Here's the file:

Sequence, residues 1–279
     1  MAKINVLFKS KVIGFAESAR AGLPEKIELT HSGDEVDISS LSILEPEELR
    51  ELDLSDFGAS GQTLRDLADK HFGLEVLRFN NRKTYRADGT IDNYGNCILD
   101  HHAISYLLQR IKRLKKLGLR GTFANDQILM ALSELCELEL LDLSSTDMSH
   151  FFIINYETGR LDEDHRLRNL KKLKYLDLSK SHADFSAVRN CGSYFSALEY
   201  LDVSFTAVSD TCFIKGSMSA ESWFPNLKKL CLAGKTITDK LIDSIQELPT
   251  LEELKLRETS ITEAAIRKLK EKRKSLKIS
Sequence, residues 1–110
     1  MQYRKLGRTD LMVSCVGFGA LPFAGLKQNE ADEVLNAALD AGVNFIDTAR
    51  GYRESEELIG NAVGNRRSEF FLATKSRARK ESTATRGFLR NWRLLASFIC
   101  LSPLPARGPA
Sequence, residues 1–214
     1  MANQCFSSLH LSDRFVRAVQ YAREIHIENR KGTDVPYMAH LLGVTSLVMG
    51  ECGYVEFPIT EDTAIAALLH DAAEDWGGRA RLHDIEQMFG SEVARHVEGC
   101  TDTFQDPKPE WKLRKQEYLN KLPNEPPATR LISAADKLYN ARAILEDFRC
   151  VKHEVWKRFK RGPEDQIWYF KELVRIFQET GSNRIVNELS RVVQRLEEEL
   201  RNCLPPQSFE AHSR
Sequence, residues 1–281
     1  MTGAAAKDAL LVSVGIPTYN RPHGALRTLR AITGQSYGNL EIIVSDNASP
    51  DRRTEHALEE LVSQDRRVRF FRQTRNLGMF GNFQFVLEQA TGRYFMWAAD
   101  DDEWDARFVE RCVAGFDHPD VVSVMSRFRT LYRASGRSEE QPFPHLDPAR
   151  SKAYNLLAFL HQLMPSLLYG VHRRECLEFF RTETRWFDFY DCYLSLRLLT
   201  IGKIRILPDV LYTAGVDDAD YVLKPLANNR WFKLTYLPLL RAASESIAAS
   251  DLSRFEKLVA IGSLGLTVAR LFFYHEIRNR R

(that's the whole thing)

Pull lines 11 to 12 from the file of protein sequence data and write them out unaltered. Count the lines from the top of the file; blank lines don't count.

   101  LSPLPARGPA
Sequence, residues 1–214